Have you ever used the same password for multiple accounts? Maybe it's not particularly secure, either, because the really good ones are harder to remember—and no, 'monalisa' is not a secure password. Most will agree that password management is a pain in the backside, and if you wish there was a better way, well, Microsoft hears you. If Microsoft has its way, traditional password entry will go the way of the dodo bird. "Nobody likes passwords. They are inconvenient, insecure, and expensive. In fact, we dislike them so much that we’ve been busy at work trying to create a world without them—a world without passwords," Microsoft states in a blog post. So what's the alternative?... Read more...
How good are you at remembering passwords? If you're like most computer users, probably not very good at all. Given the dozens (or more) websites that we interact with on a daily basis, remembering long and complicated passwords can be a chore. Some users take advantage of browser autofill technology to help take the sting out of remembering tedious passwords, while others simply use the same basic, insecure password for every secure site that they visit. Those in the latter category are prone to being compromised, as we've recently reported. Given how insecure passwords have become these days, Microsoft is trying to push us towards what it thinks is a viable alternative. The answer, of course,... Read more...
Imagine locking your front door with a strip of tape. Not even duct tape, mind you, but Scotch tape or an easily tearable strip of masking tape. That would be pretty foolish, right? We don't know of anyone who does that, but astonishingly, the most commonly used passwords to protect online accounts are just as weak. Security outfit SplashData complied a list of the 25 most prevalent passwords of 2017, and topping the list is "123456." That one has been a go-to password for several years now. One of the newer entries, however, is "starwars," which isn't all that surprising given the buzz around the Star Wars franchise and release of The Last Jedi. "Unfortunately, while the newest episode may be... Read more...
We all know we should be changing our passwords on a frequent basis, at probably every quarter in general (and more or less often depending on the type of account and what information is accessible). It is easy to overlook, however, at least until something serves as a reminder. Well, let a recent leak hundreds of millions of email accounts by a spambot serve as that reminder. A security researcher in Paris who goes by "Benkow" is spreading the word on what he found, which is an open web server hosted in the Netherlands storing dozens of text files containing email addresses, passwords, and email servers used to send spam. Spammer's have been using those credentials for a massive malware campaign.... Read more...
In what is being described as the largest security breach of 2016, hackers stole over 400 million user credentials spanning two decades of customer data from Friend Finder Network, Inc., the company that owns and operates several adult-themed websites, including the online dating and hookup site AdultFriendFinder.com. This is also the second time in two years Friend Finder has been hacked. The bulk of compromised accounts came from AdultFriendFinder, the "world's largest sex and swinger community," which coughed up more than 339 million accounts. Hackers used a local file inclusion exploit to break in and steal customer data. Among the account information collected were over 15 million deleted... Read more...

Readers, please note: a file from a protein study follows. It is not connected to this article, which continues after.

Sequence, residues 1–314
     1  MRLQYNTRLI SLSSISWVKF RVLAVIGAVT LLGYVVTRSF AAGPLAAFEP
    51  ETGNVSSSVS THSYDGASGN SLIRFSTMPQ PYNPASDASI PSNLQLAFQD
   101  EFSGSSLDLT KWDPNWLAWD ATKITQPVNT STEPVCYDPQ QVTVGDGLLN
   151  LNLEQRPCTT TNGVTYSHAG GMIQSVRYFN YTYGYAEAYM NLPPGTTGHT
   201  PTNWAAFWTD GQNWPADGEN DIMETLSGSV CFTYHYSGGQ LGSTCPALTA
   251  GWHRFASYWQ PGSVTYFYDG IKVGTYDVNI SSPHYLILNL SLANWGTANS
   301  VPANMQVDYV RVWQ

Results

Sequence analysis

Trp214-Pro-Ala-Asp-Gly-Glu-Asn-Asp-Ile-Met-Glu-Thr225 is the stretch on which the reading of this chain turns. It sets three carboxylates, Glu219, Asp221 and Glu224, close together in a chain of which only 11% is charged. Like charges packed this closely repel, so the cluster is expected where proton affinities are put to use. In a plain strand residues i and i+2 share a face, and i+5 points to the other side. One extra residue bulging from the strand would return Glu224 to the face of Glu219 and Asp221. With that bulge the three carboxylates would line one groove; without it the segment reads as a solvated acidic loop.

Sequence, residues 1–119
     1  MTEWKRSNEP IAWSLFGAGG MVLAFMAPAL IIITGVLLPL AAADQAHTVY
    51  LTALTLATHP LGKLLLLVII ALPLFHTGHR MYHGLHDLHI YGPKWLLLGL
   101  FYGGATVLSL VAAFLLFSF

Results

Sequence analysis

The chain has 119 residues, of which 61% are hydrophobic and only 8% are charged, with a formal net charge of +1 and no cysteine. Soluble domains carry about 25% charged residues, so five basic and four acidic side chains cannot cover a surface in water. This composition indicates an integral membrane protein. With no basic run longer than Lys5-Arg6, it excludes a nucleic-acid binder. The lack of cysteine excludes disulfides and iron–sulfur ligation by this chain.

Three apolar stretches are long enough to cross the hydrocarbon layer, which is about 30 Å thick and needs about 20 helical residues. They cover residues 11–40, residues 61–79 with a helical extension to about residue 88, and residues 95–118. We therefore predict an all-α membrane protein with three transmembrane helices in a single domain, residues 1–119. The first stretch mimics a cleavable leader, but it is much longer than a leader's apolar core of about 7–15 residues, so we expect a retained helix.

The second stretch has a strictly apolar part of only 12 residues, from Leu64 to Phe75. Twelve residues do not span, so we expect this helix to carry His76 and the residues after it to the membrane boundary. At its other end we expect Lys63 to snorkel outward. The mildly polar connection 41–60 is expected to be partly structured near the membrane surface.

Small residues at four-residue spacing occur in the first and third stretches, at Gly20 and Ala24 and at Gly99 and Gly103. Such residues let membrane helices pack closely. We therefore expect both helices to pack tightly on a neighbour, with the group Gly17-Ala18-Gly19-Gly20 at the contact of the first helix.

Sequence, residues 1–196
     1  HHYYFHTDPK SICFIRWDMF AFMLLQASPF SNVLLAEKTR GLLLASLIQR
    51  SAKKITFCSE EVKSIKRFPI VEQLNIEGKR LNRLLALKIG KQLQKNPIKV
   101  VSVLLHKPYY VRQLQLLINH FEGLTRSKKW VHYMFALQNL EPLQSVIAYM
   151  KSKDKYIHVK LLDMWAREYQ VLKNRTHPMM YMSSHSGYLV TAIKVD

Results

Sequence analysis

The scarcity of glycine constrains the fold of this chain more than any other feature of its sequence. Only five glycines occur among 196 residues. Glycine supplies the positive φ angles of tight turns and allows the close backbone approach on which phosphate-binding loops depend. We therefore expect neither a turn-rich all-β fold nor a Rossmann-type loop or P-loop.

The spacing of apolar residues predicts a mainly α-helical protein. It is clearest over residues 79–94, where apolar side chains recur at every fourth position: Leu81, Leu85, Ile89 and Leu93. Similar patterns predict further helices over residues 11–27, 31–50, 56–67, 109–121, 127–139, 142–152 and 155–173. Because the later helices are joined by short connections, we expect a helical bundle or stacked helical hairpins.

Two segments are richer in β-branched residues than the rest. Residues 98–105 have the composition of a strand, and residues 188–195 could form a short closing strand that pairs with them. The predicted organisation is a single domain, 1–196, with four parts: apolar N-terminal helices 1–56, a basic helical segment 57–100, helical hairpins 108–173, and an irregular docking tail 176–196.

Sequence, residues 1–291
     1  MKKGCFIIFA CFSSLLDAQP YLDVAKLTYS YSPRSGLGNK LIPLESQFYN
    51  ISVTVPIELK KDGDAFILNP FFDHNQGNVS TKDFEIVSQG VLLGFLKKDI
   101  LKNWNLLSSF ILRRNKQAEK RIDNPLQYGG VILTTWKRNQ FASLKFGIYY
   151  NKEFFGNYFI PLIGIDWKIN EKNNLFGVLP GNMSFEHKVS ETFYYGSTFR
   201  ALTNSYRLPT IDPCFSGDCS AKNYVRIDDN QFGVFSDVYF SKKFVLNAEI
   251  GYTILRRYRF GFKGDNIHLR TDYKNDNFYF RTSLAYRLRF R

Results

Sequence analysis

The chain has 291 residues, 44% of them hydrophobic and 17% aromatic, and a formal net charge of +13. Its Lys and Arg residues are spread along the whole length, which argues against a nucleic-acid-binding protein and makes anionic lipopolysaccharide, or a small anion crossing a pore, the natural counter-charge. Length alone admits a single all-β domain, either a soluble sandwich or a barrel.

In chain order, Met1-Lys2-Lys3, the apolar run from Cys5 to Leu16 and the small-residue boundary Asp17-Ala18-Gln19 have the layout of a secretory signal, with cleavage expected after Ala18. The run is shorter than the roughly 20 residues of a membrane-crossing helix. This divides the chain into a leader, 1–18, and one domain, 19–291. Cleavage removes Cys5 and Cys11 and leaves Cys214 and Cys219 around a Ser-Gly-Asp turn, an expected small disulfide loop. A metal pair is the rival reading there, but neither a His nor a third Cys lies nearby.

More details about a previously disclosed security breach at cloud storage provider Dropbox have come to light. The hack itself is old news—it occurred back in 2012—but what's new is how many users were affected by it. Hackers made off with details belonging to north of 68 million Dropbox users, prompting a mass password reset. The folks at Motherboard got their mitts on a sample of files containing email addresses and hashed passwords of users affected by the Dropbox hack. The information is contained in four files totaling about 5GB, with details of 68,680,741 accounts. Apparently a senior Dropbox employee confirmed with  the site that the info is real. It's a bit sobering to see so many... Read more...
Data breaches happen all too frequently to companies both big and small. The latest victim is Opera Software, the Scandinavian outfit behind the Opera browser that's especially popular on mobile devices. Opera's security team said it detected signs of a attack on its sync system, and though the hack was quickly blocked, it believes the culprit(s) still made off with some stolen data. Users who take advantage of Opera's sync feature had their account details compromised in the attack, including their passwords and login names. Though Opera only stores encrypted (for synchronized passwords) or hashed and salted (for authentication) passwords in its system, it took the precautionary step of resetting... Read more...